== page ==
Seneca College of Applied Arts and Technology can safely say it practices what it preaches.
The Ontario academic institution Wednesday said it will deploy a personalized Web portal for its students, staff and faculty this fall,
and it’s largely Seneca graduates that are putting it together.
“”We’re very fortunate, being a college, to do all of this wonderful training. We actually have a program taking students into our help desks and training them in that environment,”” said Seneca CIO Terrence Verity. “”For those that show promise and want to work in that environment, we bring them in as technicians and move them up. We have some of our people at the senior level and they’re doing that (installation and integration) work.””
The college’s chief technology officer, manager of enterprise applications programming, and manager of systems development innovation are all Seneca grads. Verity isn’t a Seneca graduate, but he has worked there for the last 25 years.
The college is now deploying Sun ONE portal technology running on Sun Microsystems servers. Students will have access to Web-based messaging, course timetables, registration and financial information and other services through a portal called MySeneca. Staff will be able to access those and other services like HR functions and student attendance reports.
“”MySeneca is a personalized portal that focuses on the individual,”” explained Verity. “”That individual can get the various applications . . . depending on their role and responsibility. MySeneca always looks different depending on who you are.””
Seneca, a Sun shop for the last six years, began looking for a personalized portal about a year and a half ago. The biggest challenge around that was integrating it with existing e-mail, directory services, administrative applications and databases, said Verity. “”The issue for us is really speed. How do you get your applications to run faster?”” The answer to that question was to build a storage area network and upgrade to an Oracle database.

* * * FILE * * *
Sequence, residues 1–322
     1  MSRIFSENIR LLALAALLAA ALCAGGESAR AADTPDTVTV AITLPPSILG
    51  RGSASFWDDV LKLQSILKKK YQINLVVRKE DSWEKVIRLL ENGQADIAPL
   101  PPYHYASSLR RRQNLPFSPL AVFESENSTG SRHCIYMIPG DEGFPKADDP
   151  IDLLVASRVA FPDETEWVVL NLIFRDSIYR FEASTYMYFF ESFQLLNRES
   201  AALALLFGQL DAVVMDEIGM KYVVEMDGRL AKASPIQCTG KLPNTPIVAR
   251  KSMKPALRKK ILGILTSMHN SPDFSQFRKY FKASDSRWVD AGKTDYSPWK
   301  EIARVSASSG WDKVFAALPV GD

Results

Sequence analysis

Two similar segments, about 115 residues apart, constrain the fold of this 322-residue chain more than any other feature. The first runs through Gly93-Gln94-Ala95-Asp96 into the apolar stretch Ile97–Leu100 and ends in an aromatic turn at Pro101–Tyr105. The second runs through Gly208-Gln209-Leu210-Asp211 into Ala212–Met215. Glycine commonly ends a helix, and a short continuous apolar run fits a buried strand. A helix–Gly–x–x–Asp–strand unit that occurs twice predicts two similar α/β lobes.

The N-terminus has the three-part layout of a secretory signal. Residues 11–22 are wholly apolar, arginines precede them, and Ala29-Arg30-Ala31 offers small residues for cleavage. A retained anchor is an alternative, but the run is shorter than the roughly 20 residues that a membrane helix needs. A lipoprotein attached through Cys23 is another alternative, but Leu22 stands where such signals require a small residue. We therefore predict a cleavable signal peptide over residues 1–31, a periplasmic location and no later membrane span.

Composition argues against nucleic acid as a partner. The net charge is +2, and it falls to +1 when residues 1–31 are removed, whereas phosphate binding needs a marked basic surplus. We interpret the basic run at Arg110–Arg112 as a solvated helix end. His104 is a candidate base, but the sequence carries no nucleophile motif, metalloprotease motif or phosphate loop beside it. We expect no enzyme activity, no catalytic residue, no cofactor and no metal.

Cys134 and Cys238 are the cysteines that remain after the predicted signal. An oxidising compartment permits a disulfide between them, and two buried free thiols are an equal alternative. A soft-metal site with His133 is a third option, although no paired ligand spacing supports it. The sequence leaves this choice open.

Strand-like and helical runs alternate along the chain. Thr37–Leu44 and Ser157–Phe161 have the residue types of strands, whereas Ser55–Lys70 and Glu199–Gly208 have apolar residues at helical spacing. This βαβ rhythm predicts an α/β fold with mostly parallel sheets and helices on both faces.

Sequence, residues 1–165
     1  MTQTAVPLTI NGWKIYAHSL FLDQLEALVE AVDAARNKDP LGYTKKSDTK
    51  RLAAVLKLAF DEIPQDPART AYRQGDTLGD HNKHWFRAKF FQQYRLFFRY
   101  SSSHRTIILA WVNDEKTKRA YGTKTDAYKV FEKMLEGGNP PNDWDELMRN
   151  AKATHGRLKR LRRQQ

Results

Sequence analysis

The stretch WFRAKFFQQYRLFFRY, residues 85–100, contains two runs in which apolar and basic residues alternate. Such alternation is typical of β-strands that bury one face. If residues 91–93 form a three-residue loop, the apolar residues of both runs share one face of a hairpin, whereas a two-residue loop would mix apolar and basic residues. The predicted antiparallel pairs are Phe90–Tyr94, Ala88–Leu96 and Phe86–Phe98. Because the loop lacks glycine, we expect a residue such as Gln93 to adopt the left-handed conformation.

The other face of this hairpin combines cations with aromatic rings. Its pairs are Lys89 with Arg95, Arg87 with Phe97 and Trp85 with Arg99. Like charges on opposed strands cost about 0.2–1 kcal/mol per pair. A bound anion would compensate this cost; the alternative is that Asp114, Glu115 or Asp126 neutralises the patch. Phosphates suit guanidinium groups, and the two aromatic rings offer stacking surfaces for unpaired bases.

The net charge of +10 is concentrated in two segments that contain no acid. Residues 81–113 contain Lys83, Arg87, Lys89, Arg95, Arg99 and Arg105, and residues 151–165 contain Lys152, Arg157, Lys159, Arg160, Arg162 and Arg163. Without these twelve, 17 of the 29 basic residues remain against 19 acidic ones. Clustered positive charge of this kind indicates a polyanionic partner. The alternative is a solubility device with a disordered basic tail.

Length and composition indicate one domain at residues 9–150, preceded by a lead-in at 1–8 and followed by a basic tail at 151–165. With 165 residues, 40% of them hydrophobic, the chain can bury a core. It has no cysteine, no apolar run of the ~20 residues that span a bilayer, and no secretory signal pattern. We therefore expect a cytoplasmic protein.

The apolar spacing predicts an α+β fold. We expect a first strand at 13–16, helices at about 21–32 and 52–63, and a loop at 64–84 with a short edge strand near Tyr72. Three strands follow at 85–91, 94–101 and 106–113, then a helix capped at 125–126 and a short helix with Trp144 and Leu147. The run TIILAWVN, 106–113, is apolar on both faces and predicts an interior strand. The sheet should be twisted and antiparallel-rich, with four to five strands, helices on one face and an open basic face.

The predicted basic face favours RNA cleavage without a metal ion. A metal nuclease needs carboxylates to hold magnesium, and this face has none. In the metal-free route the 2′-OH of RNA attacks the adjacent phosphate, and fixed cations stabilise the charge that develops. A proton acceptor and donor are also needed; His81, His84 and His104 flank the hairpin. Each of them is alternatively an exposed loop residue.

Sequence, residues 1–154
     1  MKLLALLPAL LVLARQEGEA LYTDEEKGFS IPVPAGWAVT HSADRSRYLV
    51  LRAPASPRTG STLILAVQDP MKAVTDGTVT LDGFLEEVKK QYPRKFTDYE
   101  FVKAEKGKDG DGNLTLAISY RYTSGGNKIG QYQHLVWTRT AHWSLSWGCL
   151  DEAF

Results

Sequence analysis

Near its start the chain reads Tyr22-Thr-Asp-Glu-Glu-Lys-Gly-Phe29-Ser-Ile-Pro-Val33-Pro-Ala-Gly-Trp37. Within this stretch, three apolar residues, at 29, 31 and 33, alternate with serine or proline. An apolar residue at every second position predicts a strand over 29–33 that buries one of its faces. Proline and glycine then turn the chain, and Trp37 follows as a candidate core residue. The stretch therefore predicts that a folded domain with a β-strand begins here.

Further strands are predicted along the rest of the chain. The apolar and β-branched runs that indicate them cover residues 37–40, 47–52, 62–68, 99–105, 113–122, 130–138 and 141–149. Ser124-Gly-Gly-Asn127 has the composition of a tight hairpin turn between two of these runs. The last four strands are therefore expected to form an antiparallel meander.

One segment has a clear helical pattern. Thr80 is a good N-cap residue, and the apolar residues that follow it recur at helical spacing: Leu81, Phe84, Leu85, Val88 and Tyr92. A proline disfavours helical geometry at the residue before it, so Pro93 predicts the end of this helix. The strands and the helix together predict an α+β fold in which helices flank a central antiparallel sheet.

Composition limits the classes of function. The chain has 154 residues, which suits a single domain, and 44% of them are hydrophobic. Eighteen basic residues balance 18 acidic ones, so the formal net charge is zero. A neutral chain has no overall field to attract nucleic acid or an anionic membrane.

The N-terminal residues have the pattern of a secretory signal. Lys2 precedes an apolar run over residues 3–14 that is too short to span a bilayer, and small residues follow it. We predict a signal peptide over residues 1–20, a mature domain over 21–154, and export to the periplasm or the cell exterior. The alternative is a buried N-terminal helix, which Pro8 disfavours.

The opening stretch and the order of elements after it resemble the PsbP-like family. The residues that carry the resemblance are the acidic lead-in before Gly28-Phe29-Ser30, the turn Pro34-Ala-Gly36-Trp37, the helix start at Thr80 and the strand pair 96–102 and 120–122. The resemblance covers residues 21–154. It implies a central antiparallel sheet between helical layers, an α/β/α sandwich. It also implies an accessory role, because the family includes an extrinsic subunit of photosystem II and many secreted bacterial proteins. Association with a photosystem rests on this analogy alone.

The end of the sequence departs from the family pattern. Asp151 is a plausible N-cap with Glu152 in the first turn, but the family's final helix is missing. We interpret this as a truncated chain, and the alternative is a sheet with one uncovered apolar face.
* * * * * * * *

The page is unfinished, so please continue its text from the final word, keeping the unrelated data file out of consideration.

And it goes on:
Education is a growing market for Sun, particularly for its Sun ONE portal technology. Manitoba, for example, recently established a personalized portal for its K-12 schools for e-mail, calendaring and file storage. In the case of the Manitoba project (Manitoba Education Research Learning Information Networks or “”Merlin””), emphasis was on providing appropriate Internet access based on the student’s age group. In the case of Seneca, according to Sun ONE manager at Sun Microsystems Canada Frances Newbigin, it was capacity.
“”For Seneca, things that were important to them were around scalability,”” she said. “”(They have) a large student body and an unexpected surge, so the Sun reputation for delivering scale, particularly around the directory, was very important to them.””
Seneca has to cater to 100,000 full- and part-time students, faculty and staff. That number will grow due to Ontario’s double cohort year when Grade 13 is phased out of high schools.
The college is considering its past as well as its future, said Verity. There are plans to make the MySeneca portal available to alumni as well.